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FinRegLab, a nonprofit focused on innovations that advance responsibility and inclusiveness in the financial sector, has released the results of a broad research project entitled Explainability and Fairness in Machine Learning for Credit Underwriting (1). Noteworthy for its range of empirical testing and numerous collaborators, including many leading financial technology companies, the paper is a comprehensive review of the tools available to help lenders responsibly and compliantly use ML for credit underwriting. Namely, ensuring ML underwriting models are both explainable and fair.

The stakes are high. ML underwriting is already driving many credit decisions, and that share is growing. With its ability to handle lots of data and give more accurate decisions, ML has the potential to improve business results and expand access to credit. At the same time, “the very quality that fuels ML models’ greater predictive power—their ability to detect more complex data patterns than prior generations of credit algorithms—makes them more difficult to understand and increases concerns that they could exacerbate inequalities and perform poorly in changing data conditions.” (FinRegLab)

FinRegLab’s review concludes that many of the emerging tools for improving accuracy and reducing disparities in ML models show great promise. But despite that promise, there is still no easy answer to these concerns. Critically, FinRegLab found “no ‘one size fits all’ technique or tool that performed the best across all regulatory tasks.” Accordingly, the paper concludes that more industry and regulatory guidance is needed to help stakeholders navigate the available tools and their associated trade-offs.

3 Key Facets of Compliance

While much of FinRegLab’s latest project focuses on fairness and inclusion, their overview helpfully buckets compliance into three areas: adverse action, model risk management, and fair lending.

Adverse Action

Adverse action refers to the regulations that require the disclosure of both key factors that lead to either a denial of credit or negative effects on pricing. For traditional regression-based scorecards, the process is relatively simple. Point values from an applicant’s scorecard are compared to some baseline values, and the differences in the applicant’s scores for specific attributes are ranked. These scorecard attributes are mapped to reason statements that group features together and state their meaning in accessible language.

For ML credit models, coefficients or point values for specific features are not readily available. Moreover, ML models use more data and find interactions in that data that more traditional models miss. ML models therefore require different adverse action methods. Many methods are already in use across the industry. FinRegLab's research is a valuable comprehensive comparison of the perfomance of these tools for different compliance tasks. Our decade of experience supports FinRegLab’s conclusion: the best tool will varies by use-case, but the sound performance of popular methods is reassuring and promising.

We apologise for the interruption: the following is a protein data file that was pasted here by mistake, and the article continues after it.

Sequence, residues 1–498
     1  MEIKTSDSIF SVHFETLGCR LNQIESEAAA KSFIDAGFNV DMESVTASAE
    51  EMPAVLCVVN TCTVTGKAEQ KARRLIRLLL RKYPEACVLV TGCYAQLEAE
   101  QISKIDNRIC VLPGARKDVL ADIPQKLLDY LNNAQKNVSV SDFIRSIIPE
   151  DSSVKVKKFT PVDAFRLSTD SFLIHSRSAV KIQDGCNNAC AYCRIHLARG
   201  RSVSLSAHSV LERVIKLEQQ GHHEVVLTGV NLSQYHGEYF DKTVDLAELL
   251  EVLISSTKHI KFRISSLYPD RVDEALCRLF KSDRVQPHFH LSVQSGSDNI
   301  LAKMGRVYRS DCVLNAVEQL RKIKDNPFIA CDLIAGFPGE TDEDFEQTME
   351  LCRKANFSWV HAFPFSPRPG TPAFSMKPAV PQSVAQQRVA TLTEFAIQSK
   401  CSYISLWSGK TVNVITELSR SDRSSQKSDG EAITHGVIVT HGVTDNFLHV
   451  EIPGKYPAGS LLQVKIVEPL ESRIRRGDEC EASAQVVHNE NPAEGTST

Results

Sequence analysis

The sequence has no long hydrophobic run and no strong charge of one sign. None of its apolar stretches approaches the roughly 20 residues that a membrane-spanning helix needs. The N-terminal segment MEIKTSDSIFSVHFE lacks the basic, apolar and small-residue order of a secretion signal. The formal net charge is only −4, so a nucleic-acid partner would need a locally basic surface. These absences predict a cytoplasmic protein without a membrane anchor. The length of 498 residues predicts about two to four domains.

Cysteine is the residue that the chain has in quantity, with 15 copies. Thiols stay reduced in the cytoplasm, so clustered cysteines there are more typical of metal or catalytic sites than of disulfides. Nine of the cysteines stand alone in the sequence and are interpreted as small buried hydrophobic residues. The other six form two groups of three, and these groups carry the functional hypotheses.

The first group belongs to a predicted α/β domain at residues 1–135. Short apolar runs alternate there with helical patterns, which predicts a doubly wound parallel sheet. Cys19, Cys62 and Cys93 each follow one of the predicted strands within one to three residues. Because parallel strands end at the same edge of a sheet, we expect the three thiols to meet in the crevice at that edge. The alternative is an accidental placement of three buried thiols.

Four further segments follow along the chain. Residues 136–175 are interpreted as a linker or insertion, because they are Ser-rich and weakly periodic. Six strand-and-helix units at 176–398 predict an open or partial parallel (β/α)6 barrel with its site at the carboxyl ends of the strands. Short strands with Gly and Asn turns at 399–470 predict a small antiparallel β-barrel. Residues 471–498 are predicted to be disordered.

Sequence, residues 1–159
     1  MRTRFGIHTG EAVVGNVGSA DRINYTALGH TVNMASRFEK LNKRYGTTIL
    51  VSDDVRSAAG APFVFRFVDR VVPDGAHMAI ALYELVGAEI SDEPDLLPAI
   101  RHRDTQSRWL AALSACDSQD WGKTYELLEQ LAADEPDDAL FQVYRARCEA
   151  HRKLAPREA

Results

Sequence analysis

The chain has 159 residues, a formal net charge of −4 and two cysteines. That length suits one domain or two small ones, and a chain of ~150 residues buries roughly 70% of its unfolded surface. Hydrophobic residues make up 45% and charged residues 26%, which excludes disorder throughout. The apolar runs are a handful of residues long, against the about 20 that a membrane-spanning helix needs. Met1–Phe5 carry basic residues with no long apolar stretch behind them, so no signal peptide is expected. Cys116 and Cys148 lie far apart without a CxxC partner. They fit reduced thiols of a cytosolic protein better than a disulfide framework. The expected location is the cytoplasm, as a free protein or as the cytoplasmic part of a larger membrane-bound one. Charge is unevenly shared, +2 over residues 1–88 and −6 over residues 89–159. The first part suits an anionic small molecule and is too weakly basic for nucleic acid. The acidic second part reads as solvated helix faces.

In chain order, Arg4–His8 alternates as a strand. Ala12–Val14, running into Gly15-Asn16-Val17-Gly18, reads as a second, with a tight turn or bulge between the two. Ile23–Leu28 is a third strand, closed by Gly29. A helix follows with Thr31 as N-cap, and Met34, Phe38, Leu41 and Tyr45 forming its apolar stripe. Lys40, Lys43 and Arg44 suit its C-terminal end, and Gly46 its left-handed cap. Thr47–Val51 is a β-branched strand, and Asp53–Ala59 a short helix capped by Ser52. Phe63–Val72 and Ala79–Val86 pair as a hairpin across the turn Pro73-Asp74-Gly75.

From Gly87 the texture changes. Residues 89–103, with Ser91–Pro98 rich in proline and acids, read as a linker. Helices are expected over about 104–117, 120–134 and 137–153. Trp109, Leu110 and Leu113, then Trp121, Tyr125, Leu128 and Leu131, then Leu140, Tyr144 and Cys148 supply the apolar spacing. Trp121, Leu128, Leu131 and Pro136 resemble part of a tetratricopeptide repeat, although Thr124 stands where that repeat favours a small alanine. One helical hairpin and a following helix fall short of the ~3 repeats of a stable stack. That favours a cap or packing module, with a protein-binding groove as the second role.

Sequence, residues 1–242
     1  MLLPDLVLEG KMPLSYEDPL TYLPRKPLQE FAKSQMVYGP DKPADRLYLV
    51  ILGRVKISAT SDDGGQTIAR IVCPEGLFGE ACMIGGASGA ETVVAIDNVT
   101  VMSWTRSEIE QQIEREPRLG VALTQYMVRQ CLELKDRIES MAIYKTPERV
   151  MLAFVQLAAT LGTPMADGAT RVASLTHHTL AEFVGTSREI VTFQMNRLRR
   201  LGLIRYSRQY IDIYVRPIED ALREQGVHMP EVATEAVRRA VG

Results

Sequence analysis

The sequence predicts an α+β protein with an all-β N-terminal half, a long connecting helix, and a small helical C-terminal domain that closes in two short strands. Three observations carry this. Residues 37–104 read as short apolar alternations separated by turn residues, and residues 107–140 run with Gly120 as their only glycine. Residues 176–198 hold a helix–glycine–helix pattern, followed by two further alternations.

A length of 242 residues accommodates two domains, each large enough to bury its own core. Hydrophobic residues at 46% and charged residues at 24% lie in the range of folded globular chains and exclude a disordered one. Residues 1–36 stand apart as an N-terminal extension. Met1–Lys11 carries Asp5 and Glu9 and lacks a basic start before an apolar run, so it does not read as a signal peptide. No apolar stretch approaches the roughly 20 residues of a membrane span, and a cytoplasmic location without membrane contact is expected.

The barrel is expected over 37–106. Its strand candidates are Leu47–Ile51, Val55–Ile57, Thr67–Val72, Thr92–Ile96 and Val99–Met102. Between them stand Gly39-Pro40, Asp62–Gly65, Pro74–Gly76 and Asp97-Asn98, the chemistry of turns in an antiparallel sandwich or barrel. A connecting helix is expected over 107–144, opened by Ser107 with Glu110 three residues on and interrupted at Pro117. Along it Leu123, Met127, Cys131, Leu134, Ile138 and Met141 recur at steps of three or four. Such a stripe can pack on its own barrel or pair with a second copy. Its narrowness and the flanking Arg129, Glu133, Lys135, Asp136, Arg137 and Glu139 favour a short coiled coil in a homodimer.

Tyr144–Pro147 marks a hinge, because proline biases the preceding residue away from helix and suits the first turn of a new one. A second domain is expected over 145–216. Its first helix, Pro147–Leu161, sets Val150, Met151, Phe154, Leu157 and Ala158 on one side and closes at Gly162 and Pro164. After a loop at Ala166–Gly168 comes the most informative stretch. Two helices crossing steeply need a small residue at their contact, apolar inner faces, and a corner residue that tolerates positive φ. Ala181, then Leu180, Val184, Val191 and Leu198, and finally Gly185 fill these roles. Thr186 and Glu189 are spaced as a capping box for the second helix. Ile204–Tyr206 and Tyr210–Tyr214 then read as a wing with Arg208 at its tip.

Model Risk Management

Model Risk Management (“MRM”) is a broader category that refers to the oversight and governance of the entire model lifecycle. Put simply, organizations need to have a deliberate framework that ensures their business fully understands their credit model and that it performs as expected. As with adverse action, explainability is a critical component of MRM, and ML models demand the use of more advanced explainability techniques. That said, much of sound MRM is unchanged by the evolution of ML.

Fair Lending

Of the three areas of compliance framed by FinRegLab, fair lending is unquestionably the one generating the most attention across the lending industry. Fair lending refers to both the specific prohibition of using race, gender, or other protected characteristics in underwriting models, as well as the use of other superficially neutral features that still lead to disparate impacts in decisions for protected classes. Traditional fair lending compliance has revolved around ensuring that obviously discriminatory features are excluded from your model build, then testing and removing features post hoc. Typically, this testing is grounded by comparing a measure of model performance (for example, Area Under the Receiver Operator Curve, or “AUC”) and a measure of disparate impact (for example, Adverse Impact Ratio, or “AIR”, which measures the ratio of approval rates between protected classes and benchmarks).

Naturally, many lenders have been applying this same technique to ML models. But because of the complex structure of ML models, with many longer feature lists and interactions between features, the efficacy of this method is questionable. In our experience, post-hoc feature removal on ML models has minimal impact on AIR. This is no surprise given the great care taken to remove potentially problematic features throughout the development process. Indeed, FinRegLab found that post hoc feature removal had minimal impact on the actual treatment of protected classes by ML models while often negatively impacting performance.

An alternative approach for fair lending and the search for less disparate alternatives (”LDAs”) is evolving in the ML space. It takes a proactive approach toward fairness and inclusion, incorporating it into the model development process. Automated platforms scan a wide array of available model features and iterate on potential models with the aim of identifying fairer model versions. According to FinRegLab’s research, this method is far more effective at reducing disparity. However, that does not mean this method is overall a better approach to fair lending compliance. There are significant tensions between this method and modeling best practices which must be considered.

Fair Lending Trade-offs

If an automated search for LDAs is conducted as a post hoc process, for example by a separate compliance team or vendor, then it’s in tension with the fundamentals of MRM. Sound MRM, even for advanced ML models that can handle more data, demands careful stewardship of data: examining feature importance, correlations, special values, stability over time, and monotonicity. In our engagements, tools and algorithms support feature selection, but manual processes and discussions are invaluable.